Both arguments paint scenarios that are equally plausible. But in an effort to prevent Afghanistan’s deterioration post-2014, the government and its international and regional partners committed to helping guide the country through the decade of transformation as stipulated in the International Conference on Afghanistan held in Bonn, the Chicago Summit on Afghanistan and the Tokyo Conference on Afghanistan. However, as it has been witnessed in the past, these commitments have not always translated into adequate actions.

Do Afghans Have the Capacity to Assume Ownership?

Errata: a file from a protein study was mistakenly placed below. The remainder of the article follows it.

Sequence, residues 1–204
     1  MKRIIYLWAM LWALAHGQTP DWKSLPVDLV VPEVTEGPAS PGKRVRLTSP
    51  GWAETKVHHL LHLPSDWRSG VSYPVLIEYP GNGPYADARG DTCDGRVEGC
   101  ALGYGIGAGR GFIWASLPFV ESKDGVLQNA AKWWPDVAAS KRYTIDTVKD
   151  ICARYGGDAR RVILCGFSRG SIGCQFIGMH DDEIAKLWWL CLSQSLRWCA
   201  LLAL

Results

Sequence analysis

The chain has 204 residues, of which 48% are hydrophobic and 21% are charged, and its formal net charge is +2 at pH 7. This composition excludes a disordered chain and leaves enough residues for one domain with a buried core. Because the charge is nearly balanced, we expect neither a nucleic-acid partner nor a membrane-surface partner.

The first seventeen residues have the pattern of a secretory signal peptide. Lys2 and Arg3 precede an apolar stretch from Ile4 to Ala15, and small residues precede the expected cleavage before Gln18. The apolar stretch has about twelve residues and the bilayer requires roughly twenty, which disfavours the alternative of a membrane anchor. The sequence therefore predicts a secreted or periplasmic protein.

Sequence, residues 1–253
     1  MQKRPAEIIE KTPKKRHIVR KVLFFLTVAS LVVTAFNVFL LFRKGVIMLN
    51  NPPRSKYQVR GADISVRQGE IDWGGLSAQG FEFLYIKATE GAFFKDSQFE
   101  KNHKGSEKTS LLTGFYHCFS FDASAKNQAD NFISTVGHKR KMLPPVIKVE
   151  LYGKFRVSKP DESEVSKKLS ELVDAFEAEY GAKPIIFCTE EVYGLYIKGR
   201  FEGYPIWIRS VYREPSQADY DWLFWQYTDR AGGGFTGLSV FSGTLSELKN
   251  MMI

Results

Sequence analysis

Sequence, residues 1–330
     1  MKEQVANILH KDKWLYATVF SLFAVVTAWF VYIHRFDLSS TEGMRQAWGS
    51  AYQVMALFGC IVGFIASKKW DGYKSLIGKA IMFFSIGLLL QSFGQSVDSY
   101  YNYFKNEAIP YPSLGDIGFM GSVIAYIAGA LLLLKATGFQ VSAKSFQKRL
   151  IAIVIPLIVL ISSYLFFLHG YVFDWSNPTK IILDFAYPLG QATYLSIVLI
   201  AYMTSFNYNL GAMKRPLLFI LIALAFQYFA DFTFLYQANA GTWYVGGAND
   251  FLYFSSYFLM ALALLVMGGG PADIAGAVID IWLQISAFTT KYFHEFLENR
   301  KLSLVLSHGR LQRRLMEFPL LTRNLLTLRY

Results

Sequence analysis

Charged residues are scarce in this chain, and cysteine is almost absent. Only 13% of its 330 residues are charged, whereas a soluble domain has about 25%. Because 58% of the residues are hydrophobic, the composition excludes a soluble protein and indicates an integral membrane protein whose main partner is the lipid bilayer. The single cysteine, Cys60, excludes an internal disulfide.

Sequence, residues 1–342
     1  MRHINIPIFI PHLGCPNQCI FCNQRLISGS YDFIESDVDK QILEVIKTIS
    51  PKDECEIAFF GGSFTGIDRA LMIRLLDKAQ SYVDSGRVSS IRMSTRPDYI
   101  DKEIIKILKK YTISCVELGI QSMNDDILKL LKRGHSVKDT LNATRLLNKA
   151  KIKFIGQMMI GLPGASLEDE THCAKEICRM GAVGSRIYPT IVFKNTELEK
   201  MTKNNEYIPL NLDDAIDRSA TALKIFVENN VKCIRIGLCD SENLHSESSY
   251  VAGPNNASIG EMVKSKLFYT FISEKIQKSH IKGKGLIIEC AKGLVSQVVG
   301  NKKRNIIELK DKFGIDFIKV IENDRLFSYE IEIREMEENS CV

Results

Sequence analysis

Speaking in the White House Rose Garden, US President Barack Obama confirmed that the US would consider leaving behind 9,800 troops after 2014, to help train the ANSF. However, he was quick to caution that “Afghanistan will not be a perfect place” and that it was not America’s responsibility to make it one.” This is an interesting statement considering that it was the US and its NATO partners who assumed full ownership of Afghanistan’s state-building process from 2001 with little space offered to Afghans to influence the process. But, now with the economic recession capturing the West, it seems the international community is ready to cut its losses in Afghanistan hence its irresponsibly rapid withdrawal deadline. Suddenly, by mid-2014, under the scheme of local ownership, Afghans found themselves being handed state-building responsibilities they were never fully prepared for by the international community.